[T]he analogies between the two systems are striking. Just as Panini found that the phonological patterning of sounds in the language is a function of their articulatory properties, so Mendeleev found that the chemical properties of elements are a function of their atomic weights.
Like Panini, Mendeleev arrived at his discovery through a search for the “grammar” of the elements (using what he called the principle of isomorphism, and looking for general formulas to generate the possible chemical compounds).
Just as Panini arranged the sounds in order of increasing phonetic complexity (e.g. with the simple stops k,p… preceding the other stops, and representing all of them in expressions like kU, pU) so Mendeleev arranged the elements in order of increasing atomic weights, and called the first row (oxygen, nitrogen, carbon etc.) “typical (or representative) elements”.
Just as Panini broke the phonetic parallelism of sounds when the simplicity of the system required it, e.g. putting the velar to the right of the labial in the nasal row, so Mendeleev gave priority to isomorphism over atomic weights when they conflicted, e.g. putting beryllium in the magnesium family because it patterns with it even though by atomic weight it seemed to belong with nitrogen and phosphorus. In both cases, the periodicities they discovered would later be explained by a theory of the internal structure of the elements.
Kiparsky has examined the question of the optimality of the Śiva Sutras elsewhere. He suggests that this optimality might have provided him with the confidence in a similarly optimal two-dimensional table of elements. My own view is that it is unlikely that Panini’s Śiva Sutras influenced him, because there is no evidence that he knew Sanskrit well enough to appreciate the subtle points related to the organization of the Śiva Sutras.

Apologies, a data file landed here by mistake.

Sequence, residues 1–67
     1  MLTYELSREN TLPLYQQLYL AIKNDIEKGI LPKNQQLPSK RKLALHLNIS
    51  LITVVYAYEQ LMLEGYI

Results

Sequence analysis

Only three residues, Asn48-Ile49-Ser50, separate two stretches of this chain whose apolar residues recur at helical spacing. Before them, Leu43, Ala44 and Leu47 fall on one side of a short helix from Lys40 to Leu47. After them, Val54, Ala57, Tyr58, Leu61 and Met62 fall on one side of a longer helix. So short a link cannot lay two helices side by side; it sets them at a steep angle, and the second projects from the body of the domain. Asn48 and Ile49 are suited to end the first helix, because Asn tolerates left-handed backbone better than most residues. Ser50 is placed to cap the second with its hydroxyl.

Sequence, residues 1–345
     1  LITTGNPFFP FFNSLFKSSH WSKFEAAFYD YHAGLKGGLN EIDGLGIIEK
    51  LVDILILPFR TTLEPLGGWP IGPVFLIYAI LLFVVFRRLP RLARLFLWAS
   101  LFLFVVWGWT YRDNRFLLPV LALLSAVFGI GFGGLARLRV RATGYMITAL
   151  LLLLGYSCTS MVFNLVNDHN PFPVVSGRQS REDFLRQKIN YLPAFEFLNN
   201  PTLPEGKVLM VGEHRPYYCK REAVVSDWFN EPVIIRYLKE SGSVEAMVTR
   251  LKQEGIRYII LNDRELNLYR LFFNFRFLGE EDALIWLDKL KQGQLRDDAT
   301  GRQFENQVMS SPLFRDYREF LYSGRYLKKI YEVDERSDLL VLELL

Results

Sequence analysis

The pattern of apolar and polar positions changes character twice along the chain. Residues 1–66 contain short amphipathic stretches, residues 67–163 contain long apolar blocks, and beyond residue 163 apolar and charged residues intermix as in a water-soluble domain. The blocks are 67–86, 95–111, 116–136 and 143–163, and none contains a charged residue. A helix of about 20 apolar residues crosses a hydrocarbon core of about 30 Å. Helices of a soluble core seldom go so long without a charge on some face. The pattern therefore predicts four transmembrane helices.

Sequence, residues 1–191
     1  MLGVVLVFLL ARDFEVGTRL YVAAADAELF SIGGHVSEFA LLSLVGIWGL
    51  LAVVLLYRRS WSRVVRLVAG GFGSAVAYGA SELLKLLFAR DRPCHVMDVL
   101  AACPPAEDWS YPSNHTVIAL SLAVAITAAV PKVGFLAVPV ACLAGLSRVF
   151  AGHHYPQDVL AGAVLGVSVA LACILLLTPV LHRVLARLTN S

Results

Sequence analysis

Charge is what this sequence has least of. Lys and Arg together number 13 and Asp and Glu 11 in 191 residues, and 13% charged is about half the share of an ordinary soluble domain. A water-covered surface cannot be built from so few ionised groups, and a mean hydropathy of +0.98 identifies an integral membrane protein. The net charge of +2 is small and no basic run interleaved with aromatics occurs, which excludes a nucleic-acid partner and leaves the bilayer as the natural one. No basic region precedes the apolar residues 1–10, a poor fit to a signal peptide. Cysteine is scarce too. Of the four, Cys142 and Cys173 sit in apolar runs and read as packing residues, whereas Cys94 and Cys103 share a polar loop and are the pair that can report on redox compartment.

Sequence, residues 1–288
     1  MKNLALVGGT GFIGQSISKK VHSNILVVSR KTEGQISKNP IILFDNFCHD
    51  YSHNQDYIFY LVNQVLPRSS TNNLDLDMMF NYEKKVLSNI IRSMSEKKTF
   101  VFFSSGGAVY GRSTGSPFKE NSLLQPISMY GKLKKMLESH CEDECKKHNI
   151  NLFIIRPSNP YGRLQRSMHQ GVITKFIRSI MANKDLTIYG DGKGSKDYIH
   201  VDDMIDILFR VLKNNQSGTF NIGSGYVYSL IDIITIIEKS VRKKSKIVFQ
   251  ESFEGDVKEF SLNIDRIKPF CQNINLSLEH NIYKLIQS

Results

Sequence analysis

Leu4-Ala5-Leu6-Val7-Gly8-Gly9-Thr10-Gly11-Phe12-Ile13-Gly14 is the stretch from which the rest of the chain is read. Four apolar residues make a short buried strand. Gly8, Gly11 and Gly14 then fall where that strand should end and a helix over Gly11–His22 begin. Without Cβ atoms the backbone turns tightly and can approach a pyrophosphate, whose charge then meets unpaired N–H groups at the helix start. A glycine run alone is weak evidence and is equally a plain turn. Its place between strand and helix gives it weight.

It is more plausible that he noted the comprehensiveness of the two-dimensional arrangement of the Sanskrit alphabet (varṇamālā) which is apparent to even the beginning student of the language. The tabular form of the Sanskrit letters is due to the two parameters (point of articulation and aspiration) at the basis of the sounds, and Mendeleev must have recognized that ratios/valency and atomic weight likewise defined a two-dimensional basis for the elements.
Convinced that the analogy was fundamental, Mendeleev theorized that the gaps that lay in his table must correspond to undiscovered elements. For his predicted eight elements, he used the prefixes of eka, dvi, and tri (Sanskrit one, two, three) in their naming.
It should be recognized that some of the most brilliant European minds studied Sanskrit in the nineteenth century, and philology and natural science papers were published in the same proceedings of the St. Petersburg Academy of Sciences, as at other academies. The two-dimensional regular representation of Sanskrit sounds must have been well-known to Mendeleev.
Mendeleev, by using Sanskrit names, was tipping his hat to the Sanskrit grammarians of yore, who had created astonishingly sophisticated theories of language based on their discovery of the two-dimensional patterns in basic sounds. The connections between computer science and Sanskrit grammatical conception have been investigated by several scholars. But the connection between these grammatical ideas and modern theories of matter is a most fascinating chapter of history of science that has remained forgotten for over a hundred and thirty years.